Aggressive Russian sage, and roses that ‘chuckle’

We have three Russian sage plants that our landscaper put in about five years ago. Thriving and beautiful, they put out a great many suckers that are hard and messy to pull up. I used to trim the originals back in the fall, then thought maybe I was causing them to spread, so left them scraggly looking all last winter, only to find them spreading again. Is there some way to keep them “in their place?”

— Ole

You’re not alone with this complaint. Russian sage seems to be a bit of a Jekyll and Hyde plant. Most people I’ve talked to don’t seem to have problems with the suckering, but a few of you have plants that are a bit too aggressive for their own good. As you’ve noticed, whether you cut them back or not really has no bearing on whether or not they sucker.

I don’t have an easy answer. One situation that seems to prevent this problem is to plant them in a dry, xeric area with a drip emitter or two near the plant. This tends to limit the plant to the irrigated area. It doesn’t always work, but most plants in this sort of situation seem to behave themselves.

Another way to keep them inbounds is to plant inside of a “sleeve” that prevents these underground runners from spreading. Use a plastic nursery pot and cut the bottom out. I’d use a good-sized one, say, 14 to 20 inches in diameter. Bury it to the brim and place the Russian sage in the middle. This restricts the roots so the plant doesn’t get as vigorous but it will contain those runners.

You don’t want to start spraying herbicides to control the suckers. The effective ones have systemic activity and they’ll end up damaging or killing the mother plant. Using contact-type weed killers isn’t much of an option either. They won’t hurt the mother plant, but you have to continue to spray as long as you have the plant and besides, these herbicides don’t work all that well on a semi-woody plant like Russian sage.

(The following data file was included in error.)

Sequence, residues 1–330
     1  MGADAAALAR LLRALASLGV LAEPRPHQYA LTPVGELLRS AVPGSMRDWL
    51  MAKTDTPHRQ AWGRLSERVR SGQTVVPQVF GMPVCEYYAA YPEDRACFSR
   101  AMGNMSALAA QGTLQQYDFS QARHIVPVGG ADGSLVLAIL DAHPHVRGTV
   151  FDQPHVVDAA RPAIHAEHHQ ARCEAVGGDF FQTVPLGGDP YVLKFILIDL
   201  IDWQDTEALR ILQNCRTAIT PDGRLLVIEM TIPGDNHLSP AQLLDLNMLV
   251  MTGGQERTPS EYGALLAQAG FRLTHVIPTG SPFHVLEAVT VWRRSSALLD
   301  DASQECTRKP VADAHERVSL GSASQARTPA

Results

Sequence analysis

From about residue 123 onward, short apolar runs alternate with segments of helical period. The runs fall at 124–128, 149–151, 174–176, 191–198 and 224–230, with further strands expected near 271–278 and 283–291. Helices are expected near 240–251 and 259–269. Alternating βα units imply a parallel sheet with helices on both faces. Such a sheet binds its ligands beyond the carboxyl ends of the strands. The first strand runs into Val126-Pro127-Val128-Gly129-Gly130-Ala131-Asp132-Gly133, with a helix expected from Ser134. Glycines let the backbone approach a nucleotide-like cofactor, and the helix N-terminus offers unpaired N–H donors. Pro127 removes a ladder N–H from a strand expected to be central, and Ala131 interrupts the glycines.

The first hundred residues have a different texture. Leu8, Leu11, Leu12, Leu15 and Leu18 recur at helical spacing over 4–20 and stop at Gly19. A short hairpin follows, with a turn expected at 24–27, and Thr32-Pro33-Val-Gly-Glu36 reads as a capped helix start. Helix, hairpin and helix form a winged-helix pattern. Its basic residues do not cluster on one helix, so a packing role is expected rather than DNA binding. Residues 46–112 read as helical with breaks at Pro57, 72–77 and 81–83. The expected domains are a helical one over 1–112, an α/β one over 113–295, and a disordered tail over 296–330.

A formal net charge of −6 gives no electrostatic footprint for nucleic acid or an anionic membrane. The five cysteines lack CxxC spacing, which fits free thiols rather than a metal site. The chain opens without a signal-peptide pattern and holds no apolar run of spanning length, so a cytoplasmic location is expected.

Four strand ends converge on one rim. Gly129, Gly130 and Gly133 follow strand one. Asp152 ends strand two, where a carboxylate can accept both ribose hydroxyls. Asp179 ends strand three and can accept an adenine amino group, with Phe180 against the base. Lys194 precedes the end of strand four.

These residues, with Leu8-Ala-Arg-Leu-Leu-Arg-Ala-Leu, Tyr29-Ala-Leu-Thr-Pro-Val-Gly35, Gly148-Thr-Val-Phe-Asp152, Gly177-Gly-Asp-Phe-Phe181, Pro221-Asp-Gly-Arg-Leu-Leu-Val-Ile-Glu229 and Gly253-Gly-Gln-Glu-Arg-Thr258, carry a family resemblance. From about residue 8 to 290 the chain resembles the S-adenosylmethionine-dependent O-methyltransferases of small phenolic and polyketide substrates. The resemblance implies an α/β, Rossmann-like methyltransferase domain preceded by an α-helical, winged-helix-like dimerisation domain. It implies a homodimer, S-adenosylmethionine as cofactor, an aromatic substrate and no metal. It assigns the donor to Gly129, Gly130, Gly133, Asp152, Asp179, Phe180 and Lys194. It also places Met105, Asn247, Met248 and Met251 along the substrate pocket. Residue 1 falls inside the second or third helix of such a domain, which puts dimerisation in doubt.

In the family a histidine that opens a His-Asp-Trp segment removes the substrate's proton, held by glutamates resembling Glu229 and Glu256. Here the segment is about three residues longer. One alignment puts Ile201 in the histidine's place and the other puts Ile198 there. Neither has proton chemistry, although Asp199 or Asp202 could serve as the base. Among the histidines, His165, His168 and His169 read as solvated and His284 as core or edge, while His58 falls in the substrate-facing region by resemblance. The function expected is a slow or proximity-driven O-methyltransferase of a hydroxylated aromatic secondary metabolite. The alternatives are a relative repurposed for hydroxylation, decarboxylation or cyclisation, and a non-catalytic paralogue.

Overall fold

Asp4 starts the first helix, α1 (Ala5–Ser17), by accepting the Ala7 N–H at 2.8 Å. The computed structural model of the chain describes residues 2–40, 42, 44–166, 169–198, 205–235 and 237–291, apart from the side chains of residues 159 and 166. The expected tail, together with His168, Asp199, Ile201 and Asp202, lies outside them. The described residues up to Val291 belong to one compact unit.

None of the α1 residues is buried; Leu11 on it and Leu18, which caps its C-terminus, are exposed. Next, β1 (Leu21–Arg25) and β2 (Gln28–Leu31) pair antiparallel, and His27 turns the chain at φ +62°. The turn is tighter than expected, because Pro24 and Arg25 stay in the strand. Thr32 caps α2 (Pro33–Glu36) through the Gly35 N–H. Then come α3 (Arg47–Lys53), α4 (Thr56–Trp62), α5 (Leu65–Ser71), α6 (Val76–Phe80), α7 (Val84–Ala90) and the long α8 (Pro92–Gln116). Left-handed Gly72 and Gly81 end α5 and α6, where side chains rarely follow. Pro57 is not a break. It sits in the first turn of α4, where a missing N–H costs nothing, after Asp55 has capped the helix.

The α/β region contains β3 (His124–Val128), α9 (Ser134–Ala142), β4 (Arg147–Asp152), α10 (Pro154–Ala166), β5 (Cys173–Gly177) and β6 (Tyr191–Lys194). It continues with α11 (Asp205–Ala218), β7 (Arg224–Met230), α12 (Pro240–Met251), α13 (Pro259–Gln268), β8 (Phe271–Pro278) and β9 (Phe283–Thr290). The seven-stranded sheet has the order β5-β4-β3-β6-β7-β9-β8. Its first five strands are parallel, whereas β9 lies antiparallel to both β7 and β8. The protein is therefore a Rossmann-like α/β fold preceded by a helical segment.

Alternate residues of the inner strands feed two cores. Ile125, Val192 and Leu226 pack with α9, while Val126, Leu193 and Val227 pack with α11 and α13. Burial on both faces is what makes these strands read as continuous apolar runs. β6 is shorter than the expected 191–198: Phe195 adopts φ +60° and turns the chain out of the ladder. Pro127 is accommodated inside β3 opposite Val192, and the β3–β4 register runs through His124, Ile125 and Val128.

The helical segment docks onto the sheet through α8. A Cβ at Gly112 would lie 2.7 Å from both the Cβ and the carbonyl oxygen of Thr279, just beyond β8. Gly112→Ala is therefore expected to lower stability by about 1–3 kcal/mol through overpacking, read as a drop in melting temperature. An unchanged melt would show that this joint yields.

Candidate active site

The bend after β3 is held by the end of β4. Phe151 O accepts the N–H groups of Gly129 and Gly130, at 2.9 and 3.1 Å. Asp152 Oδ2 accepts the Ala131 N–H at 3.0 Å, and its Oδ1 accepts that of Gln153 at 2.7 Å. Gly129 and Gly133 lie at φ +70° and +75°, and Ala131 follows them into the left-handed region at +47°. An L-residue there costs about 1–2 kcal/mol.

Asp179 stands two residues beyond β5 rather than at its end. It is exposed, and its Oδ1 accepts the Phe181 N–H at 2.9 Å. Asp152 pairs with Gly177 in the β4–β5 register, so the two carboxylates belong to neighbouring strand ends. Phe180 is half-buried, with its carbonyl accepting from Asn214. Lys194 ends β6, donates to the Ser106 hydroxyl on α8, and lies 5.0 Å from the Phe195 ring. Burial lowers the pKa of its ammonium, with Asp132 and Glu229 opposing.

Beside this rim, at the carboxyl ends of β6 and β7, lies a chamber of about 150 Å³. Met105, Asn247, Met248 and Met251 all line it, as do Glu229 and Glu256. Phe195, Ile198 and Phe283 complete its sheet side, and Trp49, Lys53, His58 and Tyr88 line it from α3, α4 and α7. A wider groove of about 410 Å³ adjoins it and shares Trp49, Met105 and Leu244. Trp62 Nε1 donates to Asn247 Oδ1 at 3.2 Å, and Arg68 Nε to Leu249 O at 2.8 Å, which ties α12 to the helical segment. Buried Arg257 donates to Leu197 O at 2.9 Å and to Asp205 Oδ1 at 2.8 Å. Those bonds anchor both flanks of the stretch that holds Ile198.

The only other option is to continue what you’ve been doing — dig out the suckers. Most people eventually dig the plant out and eliminate it all together. Wish I could give you an easier answer, but I hope this helps.

I have three “Chuckles” rose bushes I bought last year. They seem to be doing well and blooming in abundance. I read that this variety can be a bush or a climber. I’d prefer bushes and have tried to prune the long creeping branches, but it seems they only regrow the same outside branches and don’t fill out in the middle. Can I prune them so they grow into bushes?

— Alicia

“Chuckles” rose tends to be more of a spreading, sprawling grower. I had five in a grouping in our backyard. They can look gawky when they’re young, but they’re absolutely gorgeous once they fill out. When I’d had mine nine years, I cut them back hard (to 12 or 18 inches) because I hadn’t touched them since they were planted and there was some dead growth. They were a bit gangly the first year or two, but they filled out and stole the show when they bloomed. I consider them a semi-ground cover with a height of 2 feet and a spread of about 5 feet.

Dennis Hill is the nursery manager at Bookcliff Gardens, Send questions to Bookcliff Gardens, 755 26 Road, Grand Junction 81506; or email .(JavaScript must be enabled to view this email address).


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